But why does this happen? We don’t know for certain, but can theorise that it could simply be a part of a woman’s survival instinct — if a woman is stressed her body identifies that it is probably not the best time to conceive.
The effects of stress aren’t just limited to our reproductive system. Irritable bowel syndrome is a very common condition that can cause abdominal cramps, changes in bowel habits, and bloating, often because of stress. The nerves in our abdomen aren’t particularly good at telling exactly where pain is coming from so there’s a chance these cramps could feel like period pain. The fact that the gut, reproductive system, and urinary system are all in the same area make it even harder for our bodies to tell what’s going on.
Chronic pelvic pain occurs in up to 1 in 4 women.3 The reasons for it are not fully understood but we know that stress and anxiety are definite contributors.
What other conditions can cause pain but no period?
There are several other conditions that can mimic period pain, including endometriosis, a condition where tissue, like the lining of the womb (the endometrium), is found elsewhere in the body. This can lead to irregular or heavy periods and cramp-like pain in the lower tummy, back, and pelvis. If you are experiencing symptoms of endometriosis it is important to get checked out by your GP.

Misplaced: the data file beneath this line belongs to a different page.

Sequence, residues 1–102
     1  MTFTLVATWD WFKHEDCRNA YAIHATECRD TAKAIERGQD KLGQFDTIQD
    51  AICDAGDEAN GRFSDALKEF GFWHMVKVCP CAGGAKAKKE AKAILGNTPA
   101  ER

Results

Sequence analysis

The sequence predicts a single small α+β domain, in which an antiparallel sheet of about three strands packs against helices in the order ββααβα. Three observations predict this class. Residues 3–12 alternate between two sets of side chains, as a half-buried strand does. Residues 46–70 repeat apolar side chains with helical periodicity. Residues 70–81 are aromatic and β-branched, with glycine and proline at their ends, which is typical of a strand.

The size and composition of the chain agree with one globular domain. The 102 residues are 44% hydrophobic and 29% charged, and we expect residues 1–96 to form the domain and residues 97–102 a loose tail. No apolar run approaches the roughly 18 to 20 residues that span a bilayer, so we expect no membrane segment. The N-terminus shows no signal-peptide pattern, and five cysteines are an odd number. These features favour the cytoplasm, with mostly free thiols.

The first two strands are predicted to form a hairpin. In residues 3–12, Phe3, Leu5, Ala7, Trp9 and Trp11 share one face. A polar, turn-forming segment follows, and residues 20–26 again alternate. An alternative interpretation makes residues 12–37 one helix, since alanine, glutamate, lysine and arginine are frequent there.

Another explanation for period pain with no period, particularly in older women, could be the fact that they are approaching the menopause. Hormone imbalances around this time can lead to hot flushes, sleep difficulties, and cramping. Periods become increasingly irregular near the menopause so can cause cramping, period-like pains without the bleed.
Ovarian cysts usually cause one-sided pelvic pain. Often cysts are tiny and resolve by themselves, but larger cysts can twist, giving much more severe pain, which is an indication to seek urgent medical help. Ovarian cancer is a less common cause of pain, but could be associated with bloating, changes in your normal cycle, and the urge to pee more often. Again, if you are worried, seek urgent medical advice as you may require an examination and scan.
If there seems to be no medical condition causing your absence of periods despite feeling pain, it may well be that stress is the cause. Women sometimes feel that attributing symptoms to stress reduces their significance, but it can have a powerful physical effect on the body. The obvious suggestion if stress seems to be the cause of your absence of period would be to take away the stressor, however, this is much easier said than done. If stress is affecting you to the point where it has physical side effects, I would recommend seeing your GP to discuss different treatment options.
Last updated June 2019
Next update due 2021
- K. Albert et al., ‘Estradiol levels modulate brain activity and negative responses to psychosocial stress across the menstrual cycle’, Psychoneuroendocrinology, vol. 59, pp. 14 – 24.
- E. Sowinski-Przepiera et al., ‘Functional hypothalamic amenorrhoea – diagnostic challenges, monitoring and treatment’, Endokrynologia Polska, vol. 66, no. 5, pp. 252 – 268.
- A. Ahangari, ‘Prevalence of chronic pelvic pain among women: an updated review’, Pain Physician, vol.14, no. 2, 2014, pp.141-147.